What to read on foreign aid

John Gershman offers a reading list on “What to Read on Foreign Aid” in Foreign Affairs.

I’m obviously pleased that my paper, Beyond Planning, and the amazing work of my colleagues at aidinfo, are included in the list.

Does anyone reading this blog have anything to add to or delete from John Gershman’s list?

5 thoughts on “What to read on foreign aid”

  1. Thanks for picking up on this list – I’m always interested to see what recommendations people make, and I like the breakdown into different categories. It’s such a big topic that getting our heads around the whole lot can be pretty difficult.

    I would replace Easterly’s ‘White Man’s Burden’ with his ‘Elusive Quest for Growth’, which I thought was a bit better at exploring the difficulties and frustrations of working in the aid industry, and was generally a better read.

    I would add Gregory Clark’s ‘A Farewell to Alms’ which gives a convincing overview of the economic history of the world. It’s bound to be wrong, at least in parts (what book with such a large scope isn’t?) but understanding where we have come from is really important for getting a framework to think about aid.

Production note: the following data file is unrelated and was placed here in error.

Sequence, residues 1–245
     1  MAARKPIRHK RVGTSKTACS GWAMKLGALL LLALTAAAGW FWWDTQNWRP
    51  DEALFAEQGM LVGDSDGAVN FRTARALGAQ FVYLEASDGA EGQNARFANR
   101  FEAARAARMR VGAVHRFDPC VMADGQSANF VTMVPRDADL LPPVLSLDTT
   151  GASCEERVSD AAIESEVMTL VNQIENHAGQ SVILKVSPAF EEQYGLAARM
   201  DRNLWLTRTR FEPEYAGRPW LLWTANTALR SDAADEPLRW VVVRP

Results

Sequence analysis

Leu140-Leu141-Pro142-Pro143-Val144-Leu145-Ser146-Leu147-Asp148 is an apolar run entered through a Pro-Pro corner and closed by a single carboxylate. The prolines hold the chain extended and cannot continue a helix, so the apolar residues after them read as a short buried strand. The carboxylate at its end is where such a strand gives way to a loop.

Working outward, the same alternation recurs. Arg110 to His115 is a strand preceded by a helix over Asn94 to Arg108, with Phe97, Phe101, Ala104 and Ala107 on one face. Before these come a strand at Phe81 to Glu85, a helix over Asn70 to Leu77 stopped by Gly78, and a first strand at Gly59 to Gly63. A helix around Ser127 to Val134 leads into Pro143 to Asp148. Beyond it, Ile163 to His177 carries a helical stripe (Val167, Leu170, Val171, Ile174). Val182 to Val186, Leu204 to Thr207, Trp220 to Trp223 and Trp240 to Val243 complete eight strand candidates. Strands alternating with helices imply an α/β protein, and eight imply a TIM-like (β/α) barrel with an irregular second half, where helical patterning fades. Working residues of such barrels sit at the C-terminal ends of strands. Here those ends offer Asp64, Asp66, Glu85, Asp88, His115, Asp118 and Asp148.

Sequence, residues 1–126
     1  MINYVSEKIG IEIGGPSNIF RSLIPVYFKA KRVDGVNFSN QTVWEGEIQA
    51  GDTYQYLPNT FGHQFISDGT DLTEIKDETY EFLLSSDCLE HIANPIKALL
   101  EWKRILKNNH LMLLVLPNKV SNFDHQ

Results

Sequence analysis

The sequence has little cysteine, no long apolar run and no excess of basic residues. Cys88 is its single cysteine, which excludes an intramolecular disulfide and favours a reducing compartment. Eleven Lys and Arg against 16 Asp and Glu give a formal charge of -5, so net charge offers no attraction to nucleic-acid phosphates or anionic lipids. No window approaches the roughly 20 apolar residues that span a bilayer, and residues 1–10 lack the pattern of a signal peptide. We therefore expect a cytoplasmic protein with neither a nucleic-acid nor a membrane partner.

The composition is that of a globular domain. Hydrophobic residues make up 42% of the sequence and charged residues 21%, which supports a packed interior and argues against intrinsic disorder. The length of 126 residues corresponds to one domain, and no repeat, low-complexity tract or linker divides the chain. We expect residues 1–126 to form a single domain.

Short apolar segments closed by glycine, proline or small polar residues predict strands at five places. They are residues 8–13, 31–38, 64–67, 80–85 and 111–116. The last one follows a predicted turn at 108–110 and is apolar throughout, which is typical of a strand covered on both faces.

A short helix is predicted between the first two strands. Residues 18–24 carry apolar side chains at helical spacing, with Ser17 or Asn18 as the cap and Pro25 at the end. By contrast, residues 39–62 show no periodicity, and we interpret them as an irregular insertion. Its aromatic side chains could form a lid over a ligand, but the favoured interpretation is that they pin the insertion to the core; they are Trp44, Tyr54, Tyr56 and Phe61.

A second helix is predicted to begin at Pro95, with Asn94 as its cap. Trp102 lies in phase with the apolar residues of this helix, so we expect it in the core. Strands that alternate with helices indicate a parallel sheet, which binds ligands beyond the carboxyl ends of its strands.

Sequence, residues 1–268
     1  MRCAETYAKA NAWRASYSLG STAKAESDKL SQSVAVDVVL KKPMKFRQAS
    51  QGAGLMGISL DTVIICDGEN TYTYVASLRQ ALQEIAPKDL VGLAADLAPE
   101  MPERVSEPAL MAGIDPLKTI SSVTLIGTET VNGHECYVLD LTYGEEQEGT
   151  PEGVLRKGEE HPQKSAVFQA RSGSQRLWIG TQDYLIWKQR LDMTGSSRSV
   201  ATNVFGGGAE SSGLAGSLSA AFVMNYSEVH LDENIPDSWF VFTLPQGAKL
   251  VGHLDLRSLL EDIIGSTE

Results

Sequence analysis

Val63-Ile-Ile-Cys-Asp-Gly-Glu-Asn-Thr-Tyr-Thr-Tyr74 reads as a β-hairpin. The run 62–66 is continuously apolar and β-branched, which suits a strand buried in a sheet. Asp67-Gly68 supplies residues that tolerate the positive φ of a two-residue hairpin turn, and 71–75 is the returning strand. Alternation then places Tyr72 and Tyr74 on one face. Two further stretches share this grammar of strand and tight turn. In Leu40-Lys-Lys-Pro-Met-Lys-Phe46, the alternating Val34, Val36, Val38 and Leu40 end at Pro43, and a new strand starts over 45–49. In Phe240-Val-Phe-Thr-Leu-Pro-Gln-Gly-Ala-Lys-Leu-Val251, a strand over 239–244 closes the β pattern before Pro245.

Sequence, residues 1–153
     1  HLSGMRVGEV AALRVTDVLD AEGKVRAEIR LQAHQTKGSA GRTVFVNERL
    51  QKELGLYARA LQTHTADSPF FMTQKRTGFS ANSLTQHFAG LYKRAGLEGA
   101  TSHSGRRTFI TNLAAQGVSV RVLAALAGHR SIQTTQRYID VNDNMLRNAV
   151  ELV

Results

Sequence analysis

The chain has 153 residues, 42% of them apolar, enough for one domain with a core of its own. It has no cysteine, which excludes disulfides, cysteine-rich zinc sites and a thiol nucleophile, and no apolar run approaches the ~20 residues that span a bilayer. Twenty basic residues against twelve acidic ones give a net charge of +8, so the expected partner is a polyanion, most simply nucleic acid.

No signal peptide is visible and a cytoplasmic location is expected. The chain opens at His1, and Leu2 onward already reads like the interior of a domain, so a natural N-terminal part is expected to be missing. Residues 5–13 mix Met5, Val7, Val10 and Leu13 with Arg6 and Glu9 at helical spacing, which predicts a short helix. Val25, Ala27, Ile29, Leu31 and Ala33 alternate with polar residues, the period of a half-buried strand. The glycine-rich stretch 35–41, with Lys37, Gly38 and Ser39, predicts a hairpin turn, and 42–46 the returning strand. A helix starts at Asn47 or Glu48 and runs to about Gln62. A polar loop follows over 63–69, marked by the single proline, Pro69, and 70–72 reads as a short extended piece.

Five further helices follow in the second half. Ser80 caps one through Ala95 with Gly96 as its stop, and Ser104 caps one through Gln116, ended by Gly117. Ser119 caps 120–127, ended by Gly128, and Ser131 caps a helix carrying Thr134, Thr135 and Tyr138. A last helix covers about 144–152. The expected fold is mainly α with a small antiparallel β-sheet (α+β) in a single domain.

Finally, I would also add David Keen’s ‘Complex Emergencies’. Partly because he taught me, but also because war, famine, crime and natural disasters are a big part of what keeps people poor, and solving and coping with these problems requires us to understand them.

    Would you have added anything to it yourself?

  2. i’d get rid of the stuff that is not about aid, per se, such as the GGD indicators and also Sachs and Easterly. Once you start including readings that are more generally about how the external environment affects (or not) growth and poverty in developing countries, then we’re no longer talking about a reading list on “aid” but rather one on the international political economy of development — of which aid is one, but only one, dimension.

  3. I’d add “The blue sweater” by Jacqueline Novogratz. It’s wholly a different type of book from the others – more of an autobiography – but at its hear it explains how she arrived at the social entrepreneurial approach to aid and development and how that approaches integrates provate sector ideas and tools into development in order to foster greater empowerment and dignity for those that aid is designed to assist.

  4. I would add The World Bank and the Gods of Lending by Steve Berkman. It’s a bit uneven, but it’s a fascinating account of the way in which corruption within aid projects takes place, and the complicity and institutionalization of it within at least one major development organization, the World Bank. Very challenging for many who like to think of corruption as a relatively rare aberration, the price one pays for all the good that aid can do.

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